During the covid-19 crisis a risk of ‘code black’ emerged in the Netherlands. In case of ‘code black’ the very senior citizens might not receive intensive care treatment in case of illness, due to shortages. Sociologist Ulrich Beck argued that palpable risks lead to the creation of new networks of solidarity. In this article this assumption is investigated by analysing the different storylines prevalent in the public discussion about ‘code black’. Initially, storylines showing sympathy with the plight of the elderly came to the fore. However, storylines brought forward by the medical organisations eventually dominated, giving them the opportunity to determine health care policy to a large extent. The discursive process on code black taken as a whole displayed a struggle over favourable risk positions, instead of the formation of risk solidarity.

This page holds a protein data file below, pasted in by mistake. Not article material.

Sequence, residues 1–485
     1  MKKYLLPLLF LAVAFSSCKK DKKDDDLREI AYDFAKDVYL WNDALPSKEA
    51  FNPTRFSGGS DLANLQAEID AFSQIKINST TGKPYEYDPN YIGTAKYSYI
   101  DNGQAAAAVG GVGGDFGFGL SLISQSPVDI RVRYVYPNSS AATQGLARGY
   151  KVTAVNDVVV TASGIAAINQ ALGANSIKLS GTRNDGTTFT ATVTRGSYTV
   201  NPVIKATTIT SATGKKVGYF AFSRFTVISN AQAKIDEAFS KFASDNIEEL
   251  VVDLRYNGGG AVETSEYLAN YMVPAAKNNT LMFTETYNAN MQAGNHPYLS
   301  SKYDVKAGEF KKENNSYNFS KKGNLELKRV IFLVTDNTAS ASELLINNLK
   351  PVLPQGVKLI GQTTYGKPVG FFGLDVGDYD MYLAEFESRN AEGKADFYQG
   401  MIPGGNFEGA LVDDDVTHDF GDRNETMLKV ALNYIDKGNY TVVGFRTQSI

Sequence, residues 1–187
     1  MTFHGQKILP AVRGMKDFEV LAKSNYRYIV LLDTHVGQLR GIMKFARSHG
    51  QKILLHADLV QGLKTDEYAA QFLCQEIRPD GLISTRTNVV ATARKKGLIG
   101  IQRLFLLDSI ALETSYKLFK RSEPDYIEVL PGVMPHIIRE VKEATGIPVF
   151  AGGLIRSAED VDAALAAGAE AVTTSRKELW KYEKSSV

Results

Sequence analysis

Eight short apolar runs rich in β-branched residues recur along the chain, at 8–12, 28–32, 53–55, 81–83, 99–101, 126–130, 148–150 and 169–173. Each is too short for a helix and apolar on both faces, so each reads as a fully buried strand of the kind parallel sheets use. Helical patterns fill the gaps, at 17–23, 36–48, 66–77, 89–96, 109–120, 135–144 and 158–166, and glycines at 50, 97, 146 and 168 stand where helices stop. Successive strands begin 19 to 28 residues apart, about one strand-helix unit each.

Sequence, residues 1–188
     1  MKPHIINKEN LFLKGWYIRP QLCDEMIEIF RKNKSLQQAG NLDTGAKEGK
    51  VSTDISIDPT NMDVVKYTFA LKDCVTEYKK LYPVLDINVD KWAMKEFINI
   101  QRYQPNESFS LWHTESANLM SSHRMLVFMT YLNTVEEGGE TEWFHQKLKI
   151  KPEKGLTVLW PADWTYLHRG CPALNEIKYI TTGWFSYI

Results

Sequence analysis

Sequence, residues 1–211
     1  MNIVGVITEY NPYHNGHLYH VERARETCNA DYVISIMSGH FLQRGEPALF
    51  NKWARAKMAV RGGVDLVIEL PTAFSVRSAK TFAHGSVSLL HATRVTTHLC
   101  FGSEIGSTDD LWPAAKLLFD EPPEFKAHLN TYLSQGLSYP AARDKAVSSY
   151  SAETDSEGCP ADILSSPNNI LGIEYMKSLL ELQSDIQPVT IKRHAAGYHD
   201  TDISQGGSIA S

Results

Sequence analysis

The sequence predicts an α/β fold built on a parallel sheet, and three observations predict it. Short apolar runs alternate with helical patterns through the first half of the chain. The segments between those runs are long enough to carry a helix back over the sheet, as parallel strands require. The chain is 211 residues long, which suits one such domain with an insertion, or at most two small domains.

|Number of pages||21|
|Journal||Netherlands Journal of Legal Philosophy (NJLP)|
|Publication status||Published - 2021|
- Cosmopolitan solidarity, COVID-19, Health care regulation, Risk society, Argumentative discourse analysis